Tipping, Not A City In China

Himalayan Footsteps® get a lot of questions about tipping, we hope this guide helps you know before you go and navigate the etiquette of tipping.

Tip What You Can Afford

Take a look at your itinerary and identify the times when you might need to tip and budget enough money, take the time to do some research in guide books and online. Of course, only tip if it is deserved and only tip what you can afford, below are some suggestions of minimum amounts to tip and apply to all of our destinations.

Carry Cash

In our destinations, it’s expected to mainly tip in cash, either local currency or a major world currency e.g. Pounds, Euros or US Dollars.

Tipping Etiquette

You are not expected to tip Taxi Drivers if you don’t want to, however, you may have to part with some cash for to the following types of people whose income is mostly generated from tips, if you are having services from someone more than once during your itinerary we suggest tipping them for all their services on the last day you see them. Here are our minimum recommended tips:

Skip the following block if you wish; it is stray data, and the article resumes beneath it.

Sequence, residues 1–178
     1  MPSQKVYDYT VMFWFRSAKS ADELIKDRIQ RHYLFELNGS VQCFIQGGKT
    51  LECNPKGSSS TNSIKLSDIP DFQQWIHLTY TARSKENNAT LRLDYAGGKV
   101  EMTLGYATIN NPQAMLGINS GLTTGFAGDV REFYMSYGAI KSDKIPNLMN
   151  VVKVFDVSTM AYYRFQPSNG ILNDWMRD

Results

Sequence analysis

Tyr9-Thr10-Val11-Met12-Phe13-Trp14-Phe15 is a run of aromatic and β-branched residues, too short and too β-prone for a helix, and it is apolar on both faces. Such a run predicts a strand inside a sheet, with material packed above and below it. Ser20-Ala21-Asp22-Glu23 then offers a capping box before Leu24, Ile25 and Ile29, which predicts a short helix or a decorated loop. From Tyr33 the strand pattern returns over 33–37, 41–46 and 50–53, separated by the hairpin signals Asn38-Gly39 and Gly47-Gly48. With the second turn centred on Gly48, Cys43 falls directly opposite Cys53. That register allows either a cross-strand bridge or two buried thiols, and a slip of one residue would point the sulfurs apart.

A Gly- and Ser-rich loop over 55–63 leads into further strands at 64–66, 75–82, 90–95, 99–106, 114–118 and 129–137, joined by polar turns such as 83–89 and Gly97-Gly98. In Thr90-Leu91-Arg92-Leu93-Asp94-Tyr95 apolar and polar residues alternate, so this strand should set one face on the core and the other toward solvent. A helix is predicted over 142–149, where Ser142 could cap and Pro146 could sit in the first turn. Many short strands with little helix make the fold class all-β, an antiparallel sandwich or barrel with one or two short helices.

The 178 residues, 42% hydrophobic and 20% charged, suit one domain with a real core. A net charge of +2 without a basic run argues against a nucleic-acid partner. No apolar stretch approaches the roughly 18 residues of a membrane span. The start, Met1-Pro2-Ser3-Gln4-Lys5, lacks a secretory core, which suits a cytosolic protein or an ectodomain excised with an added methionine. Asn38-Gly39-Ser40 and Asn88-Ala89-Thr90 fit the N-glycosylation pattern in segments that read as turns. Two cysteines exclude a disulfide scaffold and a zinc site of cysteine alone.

• City guides
    $5 per day
  • Trekking guides
    $6 per day
  • Porters
    $5 per day
  • Waiters/Waitresses
    $2
  • Bellboys
    $2
  • Private Drivers
    $5 per day
  • Taxis
    $2
  • Receptionists
    $2
  • Local people who pose for a photograph
    $2
  • Bartenders
    $2
  • Masseuse/beauticians
    $5

In restaurants and hotels, if the service charge is not included then a minimum of 10% would be expected.

Everyone’s In The Same Boat

If you forget to research the acceptable tipping practices of your locale, or simply don’t know what to do, look around and see what other visitors are doing and don’t be afraid to ask them.

Changing Currency

Most major currencies in cash are exchangeable at money exchanges and banks in our destinations, however, Scottish/Irish notes are not accepted.

It is easy to exchange your money in the cities, a money desk is usually located on arrival at international airports or in your hotel, or nearby, just ask your guide. We suggest taking a mixture of traveller’s cheques, cash, ATM card and a credit card. But due to fraudulent activity travellers cheques are no longer accepted in Nepal.

We’d love to hear from you, do you know any other tips we can add about tipping? Please comment below!

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